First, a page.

It was a fairly conventional gig presentation on the evening with no support and Rod playing a pair of forty-five minute sets. The audience was heavily frequented with knowledgeable fans and no sooner had the invitation for requests been made, inhibitions were dropped and a deluge of popular songs headed in Rod’s direction. This was following an introductory section where several tunes from the new record were showcased live, first time for probably a majority of the audience. Rod commented that this was his most personal album to date and the riches that could be found in an album titled FORTUNE were aplenty.
Cutting an imposing presence as he strolled on stage, Rod was soon into his stride and portraying a vocal style instinctively matched with the grit and reality of the songs. ‘Maybe That’s What it Takes’ led off a succession of tracks from the new record, followed by the autobiographical ‘Elbow Grease’ and a family sociological piece based on ‘Uncle John’. The highlight from this opening segment was a song Rod acknowledged as being a co-write with Ryan Culwell and ‘Spare Change’ impressed live as much as it did on record. The new album may have only been out for a few weeks, but it still contained a track shouted out for request and ‘Jeremiah’, an alternative take on the view of conflict, was a worthy choice which Rod used in the second half. ‘Until I’m Satisfied’ and ‘Alicia’ were other new songs to appear following the break, with a brief comment about the circumstances of the latter which far from disguised its identity.
Away from the new album, many old Rod Picott favourites were not going to be left out and rightly so. He was also on top form with wit, insightfulness and audience engagement as it plainly came across that he is a seasoned visitor to our shores, fully initiated in British quirks. ‘Welding Burns’ and ‘Rust Belt Fields’ have almost become the tracks which define Rod Picott as a singer-songwriter alongside the impressive Slaid Cleaves co-write ‘Broke Down’. Of course many folks seeing Rod for the umpteenth time would have been fully versed in most of the stories, including the film credits and ‘Angels and Acrobats’ being the only happy song, but an infatuation with Howlin’ Wolf videos was a new one.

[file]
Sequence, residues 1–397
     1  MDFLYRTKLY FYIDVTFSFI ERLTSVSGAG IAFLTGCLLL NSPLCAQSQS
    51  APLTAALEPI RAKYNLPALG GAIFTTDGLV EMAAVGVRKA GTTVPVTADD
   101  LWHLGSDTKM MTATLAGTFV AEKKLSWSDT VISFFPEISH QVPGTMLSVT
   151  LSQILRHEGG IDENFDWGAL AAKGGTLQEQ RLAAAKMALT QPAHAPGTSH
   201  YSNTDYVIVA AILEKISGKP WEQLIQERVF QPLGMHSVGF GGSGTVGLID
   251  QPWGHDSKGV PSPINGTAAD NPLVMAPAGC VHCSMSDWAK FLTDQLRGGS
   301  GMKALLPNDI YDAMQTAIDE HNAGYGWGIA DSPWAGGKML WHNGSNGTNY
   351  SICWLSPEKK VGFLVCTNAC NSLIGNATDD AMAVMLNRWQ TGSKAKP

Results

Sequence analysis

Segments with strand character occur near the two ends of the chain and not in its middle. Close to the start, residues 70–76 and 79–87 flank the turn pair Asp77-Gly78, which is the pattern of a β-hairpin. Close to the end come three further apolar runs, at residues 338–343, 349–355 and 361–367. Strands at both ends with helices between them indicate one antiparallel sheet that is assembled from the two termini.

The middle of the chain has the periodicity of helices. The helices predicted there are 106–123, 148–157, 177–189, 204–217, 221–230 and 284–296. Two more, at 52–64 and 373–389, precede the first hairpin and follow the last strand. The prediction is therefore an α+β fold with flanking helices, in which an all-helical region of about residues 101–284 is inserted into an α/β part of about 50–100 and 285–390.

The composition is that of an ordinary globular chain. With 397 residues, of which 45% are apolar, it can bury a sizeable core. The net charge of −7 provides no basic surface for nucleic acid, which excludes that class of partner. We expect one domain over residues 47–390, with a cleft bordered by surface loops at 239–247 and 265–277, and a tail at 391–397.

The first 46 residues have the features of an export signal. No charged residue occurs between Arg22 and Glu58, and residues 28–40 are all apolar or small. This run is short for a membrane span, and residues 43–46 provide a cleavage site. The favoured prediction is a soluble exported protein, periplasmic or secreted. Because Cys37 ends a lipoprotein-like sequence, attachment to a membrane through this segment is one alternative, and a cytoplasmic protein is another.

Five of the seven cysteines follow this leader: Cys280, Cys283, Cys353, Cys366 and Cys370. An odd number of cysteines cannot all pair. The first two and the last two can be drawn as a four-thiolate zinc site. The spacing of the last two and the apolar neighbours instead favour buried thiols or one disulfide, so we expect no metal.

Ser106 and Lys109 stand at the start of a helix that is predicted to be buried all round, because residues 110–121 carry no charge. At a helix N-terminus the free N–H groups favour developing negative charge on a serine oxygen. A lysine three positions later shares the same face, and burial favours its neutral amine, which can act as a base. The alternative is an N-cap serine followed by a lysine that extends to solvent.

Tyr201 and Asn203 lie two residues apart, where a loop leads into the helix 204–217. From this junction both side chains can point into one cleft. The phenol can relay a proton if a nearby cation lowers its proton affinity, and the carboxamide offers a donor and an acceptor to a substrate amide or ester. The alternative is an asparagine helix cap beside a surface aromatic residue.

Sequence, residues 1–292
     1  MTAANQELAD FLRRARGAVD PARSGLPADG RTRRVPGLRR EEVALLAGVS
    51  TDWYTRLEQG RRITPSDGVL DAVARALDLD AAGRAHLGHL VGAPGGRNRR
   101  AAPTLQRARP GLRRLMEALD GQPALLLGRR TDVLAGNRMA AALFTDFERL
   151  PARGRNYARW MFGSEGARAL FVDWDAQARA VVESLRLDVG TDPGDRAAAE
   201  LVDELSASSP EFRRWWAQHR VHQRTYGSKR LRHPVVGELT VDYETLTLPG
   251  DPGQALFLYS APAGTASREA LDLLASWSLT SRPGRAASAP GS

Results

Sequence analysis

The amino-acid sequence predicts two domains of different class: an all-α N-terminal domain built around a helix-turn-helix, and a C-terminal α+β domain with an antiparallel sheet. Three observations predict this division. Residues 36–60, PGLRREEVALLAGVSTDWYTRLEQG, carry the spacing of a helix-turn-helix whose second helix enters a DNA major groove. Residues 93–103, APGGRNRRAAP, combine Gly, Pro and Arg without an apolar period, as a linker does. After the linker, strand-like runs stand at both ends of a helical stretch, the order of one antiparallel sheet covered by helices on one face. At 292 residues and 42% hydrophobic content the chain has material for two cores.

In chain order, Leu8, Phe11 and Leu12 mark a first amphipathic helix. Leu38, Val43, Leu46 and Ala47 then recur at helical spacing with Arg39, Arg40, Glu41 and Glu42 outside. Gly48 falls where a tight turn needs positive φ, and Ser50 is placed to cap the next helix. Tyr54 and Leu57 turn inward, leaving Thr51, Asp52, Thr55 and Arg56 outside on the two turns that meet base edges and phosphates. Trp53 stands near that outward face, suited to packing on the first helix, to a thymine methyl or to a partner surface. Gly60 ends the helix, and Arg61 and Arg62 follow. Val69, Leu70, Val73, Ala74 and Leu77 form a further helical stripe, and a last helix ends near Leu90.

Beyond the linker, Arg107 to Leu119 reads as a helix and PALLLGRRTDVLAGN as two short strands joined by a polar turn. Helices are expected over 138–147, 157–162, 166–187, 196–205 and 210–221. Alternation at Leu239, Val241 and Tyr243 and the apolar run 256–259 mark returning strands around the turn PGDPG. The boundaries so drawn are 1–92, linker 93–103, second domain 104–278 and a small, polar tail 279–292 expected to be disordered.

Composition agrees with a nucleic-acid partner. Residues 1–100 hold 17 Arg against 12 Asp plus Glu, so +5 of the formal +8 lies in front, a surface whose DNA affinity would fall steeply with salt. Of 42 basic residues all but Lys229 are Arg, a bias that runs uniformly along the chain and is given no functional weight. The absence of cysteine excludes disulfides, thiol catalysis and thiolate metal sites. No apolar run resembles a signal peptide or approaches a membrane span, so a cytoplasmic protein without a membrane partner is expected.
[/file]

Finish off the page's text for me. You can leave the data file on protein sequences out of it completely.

Other requests that helped Rod develop a spontaneous evening of entertainment included ‘Black T-Shirt’, ‘Down to the Bone’ and ‘Mobile Home’. This latter song written about Rod’s immediate life after graduating school early was a familiar one, but for some reason really shone this evening. ’410’was one of a number of tracks from 2011's WELDING BURNS album, which just left ‘Bring it On’ to close the evening as the sole encore inclusion. This was an end that came too quickly, although they often say leaving an audience wanting more is not a bad place to end.